Lost in loophole

A lot of people who roll their own cigarettes were outraged last year when the federal government boosted the tax on a pound of loose tobacco from $1.10 to $24.78.

Taxes were raised on all forms of tobacco to pay for an expansion of the State Children’s Health Insurance Program (SCHIP), but the tax hike on roll-your-own tobacco was especially exorbitant. Yet the anger seemed to subside fairly quickly. Perhaps that’s because a lot of tobacco companies began marketing what was once labeled “loose tobacco” as “pipe tobacco,” which is only subject to a $2.83-per-pound federal tax.

Over the past year, production of loose tobacco has dropped precipitously, while pipe-tobacco production has soared. In March 2009, just before the tobacco-tax increase took effect, U.S. companies produced about 270,000 pounds of pipe tobacco. This past March, they produced 2 million pounds.

Either pipe smoking suddenly mushroomed in the United States – or a whole lot of people switched from loose tobacco to “pipe tobacco” to roll their own cigarettes.

Call it a legal loophole, smart marketing or smokers’ revenge, the change has cost the U.S. Treasury about $250 million in lost tax revenue thus far, according to public health officials.

An analyst with the Oregon Department of Health first identified the loophole late last year, and the Associated Press publicized the millions being lost.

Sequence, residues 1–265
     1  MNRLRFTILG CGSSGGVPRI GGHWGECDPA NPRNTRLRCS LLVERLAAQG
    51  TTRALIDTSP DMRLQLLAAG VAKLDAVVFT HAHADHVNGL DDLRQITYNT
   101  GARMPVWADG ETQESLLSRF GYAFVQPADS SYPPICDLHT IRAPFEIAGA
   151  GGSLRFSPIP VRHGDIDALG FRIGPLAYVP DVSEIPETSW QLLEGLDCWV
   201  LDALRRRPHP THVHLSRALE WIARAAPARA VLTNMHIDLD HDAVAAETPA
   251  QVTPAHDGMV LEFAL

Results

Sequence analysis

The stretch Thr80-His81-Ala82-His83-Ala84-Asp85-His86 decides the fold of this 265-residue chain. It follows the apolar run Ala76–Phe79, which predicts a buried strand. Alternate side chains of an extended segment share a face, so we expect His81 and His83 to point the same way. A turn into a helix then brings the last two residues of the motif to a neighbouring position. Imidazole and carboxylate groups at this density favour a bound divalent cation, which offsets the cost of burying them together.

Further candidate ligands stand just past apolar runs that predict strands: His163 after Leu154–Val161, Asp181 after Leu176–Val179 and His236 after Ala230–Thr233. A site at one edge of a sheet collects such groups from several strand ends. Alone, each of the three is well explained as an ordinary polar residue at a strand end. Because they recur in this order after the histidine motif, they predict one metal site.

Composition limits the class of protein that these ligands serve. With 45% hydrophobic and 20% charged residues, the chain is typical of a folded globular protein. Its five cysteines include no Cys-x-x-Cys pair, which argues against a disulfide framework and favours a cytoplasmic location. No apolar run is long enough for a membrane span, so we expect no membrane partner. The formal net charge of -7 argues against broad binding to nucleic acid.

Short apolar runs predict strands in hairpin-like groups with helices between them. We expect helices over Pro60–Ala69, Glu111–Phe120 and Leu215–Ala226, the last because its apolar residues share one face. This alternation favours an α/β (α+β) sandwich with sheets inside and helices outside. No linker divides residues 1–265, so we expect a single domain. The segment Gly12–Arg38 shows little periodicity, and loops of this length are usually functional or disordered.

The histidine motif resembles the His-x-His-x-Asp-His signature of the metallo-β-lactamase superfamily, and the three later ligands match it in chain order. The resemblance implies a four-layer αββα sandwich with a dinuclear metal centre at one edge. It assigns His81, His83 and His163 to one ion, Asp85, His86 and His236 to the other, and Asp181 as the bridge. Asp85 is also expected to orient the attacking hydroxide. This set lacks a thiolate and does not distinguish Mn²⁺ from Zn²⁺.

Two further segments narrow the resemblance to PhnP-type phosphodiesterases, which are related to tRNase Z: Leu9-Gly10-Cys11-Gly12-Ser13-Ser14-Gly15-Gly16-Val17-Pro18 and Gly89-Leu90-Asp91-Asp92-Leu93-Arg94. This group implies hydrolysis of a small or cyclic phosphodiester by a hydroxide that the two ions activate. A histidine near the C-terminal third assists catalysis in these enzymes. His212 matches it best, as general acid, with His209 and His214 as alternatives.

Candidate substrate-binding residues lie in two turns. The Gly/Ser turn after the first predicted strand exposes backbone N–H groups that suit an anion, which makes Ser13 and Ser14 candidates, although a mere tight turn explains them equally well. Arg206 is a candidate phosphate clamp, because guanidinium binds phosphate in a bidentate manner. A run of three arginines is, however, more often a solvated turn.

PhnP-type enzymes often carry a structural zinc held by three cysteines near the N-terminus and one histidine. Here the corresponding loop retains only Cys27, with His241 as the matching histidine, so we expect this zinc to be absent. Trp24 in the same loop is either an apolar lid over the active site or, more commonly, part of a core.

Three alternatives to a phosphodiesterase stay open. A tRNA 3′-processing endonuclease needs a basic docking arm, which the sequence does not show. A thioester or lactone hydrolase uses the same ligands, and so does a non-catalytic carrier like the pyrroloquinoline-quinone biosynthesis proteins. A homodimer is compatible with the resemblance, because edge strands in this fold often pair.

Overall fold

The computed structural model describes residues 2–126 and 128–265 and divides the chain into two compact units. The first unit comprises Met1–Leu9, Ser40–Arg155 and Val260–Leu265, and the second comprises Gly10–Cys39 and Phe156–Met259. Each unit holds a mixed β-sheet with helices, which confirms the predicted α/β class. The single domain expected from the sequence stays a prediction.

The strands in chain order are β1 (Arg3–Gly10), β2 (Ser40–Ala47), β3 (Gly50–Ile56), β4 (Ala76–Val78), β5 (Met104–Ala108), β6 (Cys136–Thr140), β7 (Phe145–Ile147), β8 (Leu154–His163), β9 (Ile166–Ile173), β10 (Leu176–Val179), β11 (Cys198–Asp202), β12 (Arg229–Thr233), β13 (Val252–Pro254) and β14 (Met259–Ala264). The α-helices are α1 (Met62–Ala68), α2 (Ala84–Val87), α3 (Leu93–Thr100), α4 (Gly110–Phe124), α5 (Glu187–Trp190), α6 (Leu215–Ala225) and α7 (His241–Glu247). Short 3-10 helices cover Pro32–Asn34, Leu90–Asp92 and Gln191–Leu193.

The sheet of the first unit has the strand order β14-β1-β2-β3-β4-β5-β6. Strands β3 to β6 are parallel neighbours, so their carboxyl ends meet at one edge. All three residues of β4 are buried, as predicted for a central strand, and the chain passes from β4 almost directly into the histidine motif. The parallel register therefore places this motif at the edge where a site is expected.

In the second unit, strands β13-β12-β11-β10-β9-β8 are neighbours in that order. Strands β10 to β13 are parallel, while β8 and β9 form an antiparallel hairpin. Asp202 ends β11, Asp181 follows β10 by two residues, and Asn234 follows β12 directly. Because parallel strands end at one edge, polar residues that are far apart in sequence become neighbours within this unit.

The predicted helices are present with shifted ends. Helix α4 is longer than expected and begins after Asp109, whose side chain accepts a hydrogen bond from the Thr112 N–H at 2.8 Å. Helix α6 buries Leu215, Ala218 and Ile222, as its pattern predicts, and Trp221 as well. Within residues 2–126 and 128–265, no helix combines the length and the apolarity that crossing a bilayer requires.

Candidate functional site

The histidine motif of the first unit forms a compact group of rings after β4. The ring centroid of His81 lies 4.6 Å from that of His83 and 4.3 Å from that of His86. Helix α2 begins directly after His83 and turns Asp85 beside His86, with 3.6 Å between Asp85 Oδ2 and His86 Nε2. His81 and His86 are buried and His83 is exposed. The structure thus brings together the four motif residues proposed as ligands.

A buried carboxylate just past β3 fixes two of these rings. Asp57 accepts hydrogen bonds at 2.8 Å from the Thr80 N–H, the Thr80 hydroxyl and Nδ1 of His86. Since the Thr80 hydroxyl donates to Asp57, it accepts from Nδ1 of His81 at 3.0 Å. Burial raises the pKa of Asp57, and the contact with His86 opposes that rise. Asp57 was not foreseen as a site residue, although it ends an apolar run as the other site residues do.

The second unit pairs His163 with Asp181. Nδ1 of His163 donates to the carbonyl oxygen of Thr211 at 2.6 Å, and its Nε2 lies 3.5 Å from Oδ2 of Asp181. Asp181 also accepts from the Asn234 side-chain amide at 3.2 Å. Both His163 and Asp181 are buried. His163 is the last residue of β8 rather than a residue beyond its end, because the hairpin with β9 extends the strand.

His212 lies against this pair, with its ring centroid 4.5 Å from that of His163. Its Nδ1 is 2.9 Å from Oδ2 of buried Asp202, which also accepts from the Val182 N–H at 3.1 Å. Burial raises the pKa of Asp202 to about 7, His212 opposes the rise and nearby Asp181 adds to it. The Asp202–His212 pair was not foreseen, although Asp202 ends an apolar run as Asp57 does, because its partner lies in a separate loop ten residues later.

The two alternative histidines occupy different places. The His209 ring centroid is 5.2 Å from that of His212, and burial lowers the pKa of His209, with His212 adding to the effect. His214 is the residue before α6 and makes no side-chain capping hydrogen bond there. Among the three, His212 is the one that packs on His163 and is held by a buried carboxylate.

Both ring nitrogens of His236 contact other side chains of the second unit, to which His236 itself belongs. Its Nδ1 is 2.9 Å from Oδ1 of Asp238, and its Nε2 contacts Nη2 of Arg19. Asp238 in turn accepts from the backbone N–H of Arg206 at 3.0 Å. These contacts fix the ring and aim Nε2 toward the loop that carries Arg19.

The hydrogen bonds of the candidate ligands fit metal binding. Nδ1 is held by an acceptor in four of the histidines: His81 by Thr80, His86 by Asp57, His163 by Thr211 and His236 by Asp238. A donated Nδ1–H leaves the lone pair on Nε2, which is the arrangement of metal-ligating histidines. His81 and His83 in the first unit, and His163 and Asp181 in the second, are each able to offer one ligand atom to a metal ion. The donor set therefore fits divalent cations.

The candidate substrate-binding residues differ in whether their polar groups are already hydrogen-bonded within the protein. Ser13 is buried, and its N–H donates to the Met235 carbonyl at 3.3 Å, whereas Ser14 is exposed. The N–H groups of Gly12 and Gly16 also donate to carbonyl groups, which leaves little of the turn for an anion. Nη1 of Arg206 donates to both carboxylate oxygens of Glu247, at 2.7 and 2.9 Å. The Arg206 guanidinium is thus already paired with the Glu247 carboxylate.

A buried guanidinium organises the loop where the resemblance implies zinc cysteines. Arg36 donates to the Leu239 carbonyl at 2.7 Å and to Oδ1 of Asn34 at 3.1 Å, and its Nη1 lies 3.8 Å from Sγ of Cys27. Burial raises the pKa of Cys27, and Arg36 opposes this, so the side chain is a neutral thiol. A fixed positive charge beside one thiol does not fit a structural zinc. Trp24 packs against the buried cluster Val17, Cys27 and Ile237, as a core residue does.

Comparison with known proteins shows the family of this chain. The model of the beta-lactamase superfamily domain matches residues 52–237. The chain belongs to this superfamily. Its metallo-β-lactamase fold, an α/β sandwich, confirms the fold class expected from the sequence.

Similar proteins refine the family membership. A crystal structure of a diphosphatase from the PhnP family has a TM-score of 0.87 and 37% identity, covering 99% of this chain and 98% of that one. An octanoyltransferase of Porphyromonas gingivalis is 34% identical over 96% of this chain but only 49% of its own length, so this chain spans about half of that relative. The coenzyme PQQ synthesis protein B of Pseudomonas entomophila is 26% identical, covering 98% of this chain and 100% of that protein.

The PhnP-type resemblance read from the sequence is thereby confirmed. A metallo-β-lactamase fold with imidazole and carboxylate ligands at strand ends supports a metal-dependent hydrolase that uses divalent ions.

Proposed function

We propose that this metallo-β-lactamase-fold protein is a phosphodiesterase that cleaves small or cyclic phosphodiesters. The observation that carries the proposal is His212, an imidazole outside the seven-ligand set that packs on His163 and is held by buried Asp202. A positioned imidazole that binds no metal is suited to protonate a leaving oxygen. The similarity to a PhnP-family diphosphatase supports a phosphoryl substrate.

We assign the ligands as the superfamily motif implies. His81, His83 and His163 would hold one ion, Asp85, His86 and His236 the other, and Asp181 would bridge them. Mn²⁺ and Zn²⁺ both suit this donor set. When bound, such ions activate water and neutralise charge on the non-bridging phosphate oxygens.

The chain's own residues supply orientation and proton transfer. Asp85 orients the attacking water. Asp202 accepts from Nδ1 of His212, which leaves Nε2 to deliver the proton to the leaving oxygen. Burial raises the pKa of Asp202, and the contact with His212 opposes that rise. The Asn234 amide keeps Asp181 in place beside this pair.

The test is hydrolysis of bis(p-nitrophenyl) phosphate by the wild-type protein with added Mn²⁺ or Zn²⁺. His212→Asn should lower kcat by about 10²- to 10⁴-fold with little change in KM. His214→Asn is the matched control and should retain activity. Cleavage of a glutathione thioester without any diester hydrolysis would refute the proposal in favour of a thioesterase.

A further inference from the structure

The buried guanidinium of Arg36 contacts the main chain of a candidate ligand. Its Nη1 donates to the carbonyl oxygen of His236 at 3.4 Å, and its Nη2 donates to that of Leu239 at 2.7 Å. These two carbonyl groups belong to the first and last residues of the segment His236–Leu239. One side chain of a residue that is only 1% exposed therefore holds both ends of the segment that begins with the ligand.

The Obama administration vowed to formulate new rules differentiating between roll-your-own tobacco and pipe tobacco, and legislation was introduced in Congress to close the loophole, yet it remains wide open.

The revenue from the tobacco-tax increase is targeted to help fund SCHIP, which provides low-cost health insurance for children in low-income, working-class families. The program includes MIChild in Michigan, which covers approximately 30,000 children.

One likely reason lawmakers have been slow to close the loophole is because the original tax increase for loose tobacco from $1.10 to $24.78 per pound was nothing short of outrageous. It seemed inevitable that smokers and tobacco companies would find a way around it.

And thus they have. But at a price that could short-change SCHIP, and leave all taxpayers on the hook for making up the difference.

The entire situation exemplifies why Americans have grown weary and cynical about our tax structure. Too often it’s delusional. Lawmakers come up with a tax to fund a new program, based on overly optimistic calculations. Then someone finds a loophole through which to avoid paying the tax. The new tax doesn’t generate as much revenue as predicted, but the program still needs to be funded. Either additional tax revenue has to be generated or the government goes further into debt.

With $250 million lost over the past year because of the tobacco-tax loophole, the only responsible choices seem to be to either close the loophole or reduce funding for SCHIP. At this point, however, politicians seem loathe to do either. Yet to continue to increase the federal debt is just pushing a growing problem further down the road.

Eventually, we’re all going to have to pay. We must start dealing honestly with government spending with numbers that truly add up.

source: battlecreekenquirer.com

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